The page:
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Welcome to the Encyclopedia of Science Fiction, Fourth Edition. Some sample entries appear below. Click here for the Introduction; here for the masthead; here for Acknowledgments; here for the FAQ; here for advice on citations. Find entries via the search box above (more details here) or browse the menu categories in the grey bar at the top of this page.

Site updated on 23 May 2022
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Dwyer, James Francis

(1874-1952) Australian author, imprisoned for committing forgery (1899-1902), in the US after 1907, in France after 1921; a prolific author of stories from 1902, sometimes as by Burglar Bill with the Sydney Bulletin, where he began publishing a huge stream of works; he eventually moved on as well to a wide range of magazines like Black Cat, Blue Book and Argosy. "The Phantom Ship of Dirk van Tromp" (13 April 1913 Australian Sunday Times) is a Flying Dutchman tale (see Wandering Jew). Some of ...

Tawada Yōko

(1960-    ) Japanese author, in Germany since 1982, whose output occupies a liminal space between her native and adopted languages. Graduating from Waseda University in Russian literature, she pursued two further degrees in German-speaking Europe, receiving a doctorate in German literature from the University of Zurich in 2000. Her work has luxuriated and exulted in bilingualism ever since her first published work, the poetry collection Nur da wo du bist da ist nichts ...

Eliade, Mircea

(1907-1986) Romanian academic, in UK, Portugal and France from 1940, resident in the US from 1956, most famous as a philosopher of comparative religion [see The Encyclopedia of Fantasy under links below], though he was a prolific author of fiction, much of it fantastic, from the publication of his first, precocious tale, "Cum am găsit piatr filosofală" ["How I found the Philosopher's Stone"] (1921 Ziarul Stiintelor Populare si al Calatorilor), until the beginning of the 1980s; much ...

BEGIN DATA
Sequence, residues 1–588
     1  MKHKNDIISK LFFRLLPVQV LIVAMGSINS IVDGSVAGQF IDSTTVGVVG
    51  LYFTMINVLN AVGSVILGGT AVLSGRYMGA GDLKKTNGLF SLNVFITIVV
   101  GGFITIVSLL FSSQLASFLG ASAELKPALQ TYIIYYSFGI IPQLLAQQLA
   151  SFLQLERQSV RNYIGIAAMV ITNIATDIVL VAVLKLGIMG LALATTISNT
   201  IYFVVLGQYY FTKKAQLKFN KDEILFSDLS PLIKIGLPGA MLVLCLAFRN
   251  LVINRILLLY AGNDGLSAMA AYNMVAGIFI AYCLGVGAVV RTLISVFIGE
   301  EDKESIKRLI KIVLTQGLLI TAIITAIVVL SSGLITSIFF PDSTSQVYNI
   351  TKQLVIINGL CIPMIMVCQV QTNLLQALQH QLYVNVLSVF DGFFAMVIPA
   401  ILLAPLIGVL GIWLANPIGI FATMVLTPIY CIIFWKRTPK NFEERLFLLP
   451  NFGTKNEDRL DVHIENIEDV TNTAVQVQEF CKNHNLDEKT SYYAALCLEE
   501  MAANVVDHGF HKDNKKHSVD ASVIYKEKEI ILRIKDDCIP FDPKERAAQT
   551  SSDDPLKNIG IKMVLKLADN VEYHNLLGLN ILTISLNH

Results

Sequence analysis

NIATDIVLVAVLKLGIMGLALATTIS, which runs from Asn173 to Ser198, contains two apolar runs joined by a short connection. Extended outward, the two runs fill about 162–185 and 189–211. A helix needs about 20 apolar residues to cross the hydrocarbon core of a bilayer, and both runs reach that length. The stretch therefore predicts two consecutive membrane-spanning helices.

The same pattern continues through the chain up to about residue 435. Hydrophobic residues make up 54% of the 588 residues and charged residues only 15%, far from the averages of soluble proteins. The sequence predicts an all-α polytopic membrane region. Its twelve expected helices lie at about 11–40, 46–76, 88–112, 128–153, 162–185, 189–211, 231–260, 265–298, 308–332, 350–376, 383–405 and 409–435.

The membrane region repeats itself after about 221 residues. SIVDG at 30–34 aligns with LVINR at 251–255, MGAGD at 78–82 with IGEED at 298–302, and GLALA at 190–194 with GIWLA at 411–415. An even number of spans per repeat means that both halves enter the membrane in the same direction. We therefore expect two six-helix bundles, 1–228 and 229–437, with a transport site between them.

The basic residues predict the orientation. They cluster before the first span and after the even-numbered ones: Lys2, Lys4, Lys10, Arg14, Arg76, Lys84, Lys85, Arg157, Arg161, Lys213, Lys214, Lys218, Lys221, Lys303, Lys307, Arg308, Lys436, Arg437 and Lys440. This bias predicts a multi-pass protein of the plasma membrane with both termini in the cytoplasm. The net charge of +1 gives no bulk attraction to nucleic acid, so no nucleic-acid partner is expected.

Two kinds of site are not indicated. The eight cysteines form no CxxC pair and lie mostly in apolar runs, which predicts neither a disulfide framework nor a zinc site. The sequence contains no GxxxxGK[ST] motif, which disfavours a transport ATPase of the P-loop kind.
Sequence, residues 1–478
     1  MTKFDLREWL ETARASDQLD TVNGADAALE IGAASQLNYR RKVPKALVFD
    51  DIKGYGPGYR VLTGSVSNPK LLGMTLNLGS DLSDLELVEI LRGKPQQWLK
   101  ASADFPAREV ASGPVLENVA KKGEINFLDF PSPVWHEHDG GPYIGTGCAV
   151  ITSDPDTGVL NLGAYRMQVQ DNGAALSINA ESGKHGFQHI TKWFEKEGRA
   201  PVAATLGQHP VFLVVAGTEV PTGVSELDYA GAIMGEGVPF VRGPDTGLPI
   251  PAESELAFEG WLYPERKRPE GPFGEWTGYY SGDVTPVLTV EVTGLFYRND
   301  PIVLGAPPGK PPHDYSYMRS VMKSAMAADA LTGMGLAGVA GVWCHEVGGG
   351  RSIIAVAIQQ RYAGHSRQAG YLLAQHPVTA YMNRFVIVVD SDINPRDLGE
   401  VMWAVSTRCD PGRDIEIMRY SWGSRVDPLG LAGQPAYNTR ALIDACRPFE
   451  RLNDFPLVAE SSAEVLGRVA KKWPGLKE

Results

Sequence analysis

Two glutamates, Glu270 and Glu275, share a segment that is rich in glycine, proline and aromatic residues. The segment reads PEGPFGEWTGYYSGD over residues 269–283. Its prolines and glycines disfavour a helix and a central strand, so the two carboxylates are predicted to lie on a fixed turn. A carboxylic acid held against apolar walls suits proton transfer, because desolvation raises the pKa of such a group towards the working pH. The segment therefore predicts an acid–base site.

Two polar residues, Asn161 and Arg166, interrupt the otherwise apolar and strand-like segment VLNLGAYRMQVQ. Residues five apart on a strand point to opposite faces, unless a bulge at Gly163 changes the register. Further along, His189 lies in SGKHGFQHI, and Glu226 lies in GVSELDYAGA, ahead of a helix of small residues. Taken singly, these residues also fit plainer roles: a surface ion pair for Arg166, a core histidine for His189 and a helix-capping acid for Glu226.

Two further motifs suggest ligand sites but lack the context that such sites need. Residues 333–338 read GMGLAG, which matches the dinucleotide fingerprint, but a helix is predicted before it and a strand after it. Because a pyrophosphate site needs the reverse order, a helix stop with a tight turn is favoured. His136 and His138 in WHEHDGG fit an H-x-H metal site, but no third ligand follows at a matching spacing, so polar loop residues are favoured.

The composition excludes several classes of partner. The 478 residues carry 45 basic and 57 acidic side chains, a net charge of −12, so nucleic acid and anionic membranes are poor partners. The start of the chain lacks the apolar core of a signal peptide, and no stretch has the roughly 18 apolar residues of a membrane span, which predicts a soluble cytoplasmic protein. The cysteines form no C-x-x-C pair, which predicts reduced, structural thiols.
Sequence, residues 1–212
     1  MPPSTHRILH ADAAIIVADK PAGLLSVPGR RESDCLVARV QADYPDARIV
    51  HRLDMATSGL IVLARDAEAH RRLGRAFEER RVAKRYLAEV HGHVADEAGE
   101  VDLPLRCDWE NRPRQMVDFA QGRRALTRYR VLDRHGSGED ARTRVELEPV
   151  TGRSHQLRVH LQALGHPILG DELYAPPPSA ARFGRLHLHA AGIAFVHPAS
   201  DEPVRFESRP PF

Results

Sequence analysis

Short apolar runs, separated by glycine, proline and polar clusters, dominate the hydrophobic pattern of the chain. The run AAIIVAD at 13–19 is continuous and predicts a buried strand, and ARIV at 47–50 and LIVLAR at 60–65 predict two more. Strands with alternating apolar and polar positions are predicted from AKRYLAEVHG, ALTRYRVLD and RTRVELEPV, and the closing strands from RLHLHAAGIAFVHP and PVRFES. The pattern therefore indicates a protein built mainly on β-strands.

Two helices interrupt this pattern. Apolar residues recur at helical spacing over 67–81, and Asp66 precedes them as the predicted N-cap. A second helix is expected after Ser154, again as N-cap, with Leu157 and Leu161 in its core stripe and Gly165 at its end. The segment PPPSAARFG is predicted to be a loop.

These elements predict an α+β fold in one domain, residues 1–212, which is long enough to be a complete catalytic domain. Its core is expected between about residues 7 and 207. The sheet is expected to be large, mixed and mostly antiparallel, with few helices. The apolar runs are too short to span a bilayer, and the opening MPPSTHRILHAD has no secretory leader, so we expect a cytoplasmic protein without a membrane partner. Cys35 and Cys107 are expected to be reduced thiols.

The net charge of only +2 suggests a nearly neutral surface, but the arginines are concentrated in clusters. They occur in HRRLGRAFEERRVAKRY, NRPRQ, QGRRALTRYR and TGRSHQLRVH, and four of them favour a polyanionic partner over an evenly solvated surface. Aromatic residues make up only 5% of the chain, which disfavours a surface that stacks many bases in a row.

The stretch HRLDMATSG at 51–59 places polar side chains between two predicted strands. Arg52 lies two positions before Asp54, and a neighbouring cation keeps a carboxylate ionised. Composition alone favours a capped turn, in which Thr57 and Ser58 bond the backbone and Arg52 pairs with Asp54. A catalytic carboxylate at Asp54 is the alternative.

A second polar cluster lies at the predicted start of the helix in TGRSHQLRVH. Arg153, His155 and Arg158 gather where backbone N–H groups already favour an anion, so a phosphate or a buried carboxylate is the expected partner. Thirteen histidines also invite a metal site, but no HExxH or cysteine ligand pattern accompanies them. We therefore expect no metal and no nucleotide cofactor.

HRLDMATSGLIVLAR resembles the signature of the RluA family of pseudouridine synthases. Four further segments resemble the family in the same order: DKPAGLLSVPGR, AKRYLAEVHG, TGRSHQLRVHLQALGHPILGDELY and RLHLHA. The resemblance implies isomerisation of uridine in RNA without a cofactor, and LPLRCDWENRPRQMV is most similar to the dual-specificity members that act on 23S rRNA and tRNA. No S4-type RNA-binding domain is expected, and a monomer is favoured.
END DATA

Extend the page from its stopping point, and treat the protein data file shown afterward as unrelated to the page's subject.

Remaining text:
Dearmer, Geoffrey

(1893-1996) UK author, and a World War One poet of some note, his best early work being collected in Poems (coll 1918 chap), which he much later reassembled, with later material, as A Pilgrim's Song (coll 1993). He is now also remembered for his work (1936-1950) as an Examiner of Plays (which is to say censor) for the Lord Chancellor's Office, and for an incident in 1942, when he thought he heard the word "bugger" spoken in a Terence Rattigan play, though no one else could; after intensive ...

Bonham, Frank

(1914-1988) US author, most of whose adult novels were Westerns, and who wrote in various modes for younger readers, though some of his sf or fantasy was for Young Adult readers. The Missing Persons League (1976), set in a starving Dystopian USA, presents its young protagonist with the chance to find a better world. The Forever Formula (1979) is a strong sf tale in which a young man awakens from Suspended Animation to find himself torn between opposing factions: those who wish for his father's ...

Robinson, Roger

(1943-    ) UK computer programmer, bibliographer and publisher, active in UK Fandom for many years. The Writings of Henry Kenneth Bulmer (1983 chap; rev 1984 chap) is an exhaustive Bibliography of one of the most prolific sf writers, and Who's Hugh?: An SF Reader's Guide to Pseudonyms (1987) is similarly exhaustive in its listing of Pseudonyms. Criticized at first for its failure to annotate its findings – so that, for instance, pseudonyms used for sf could not be ...

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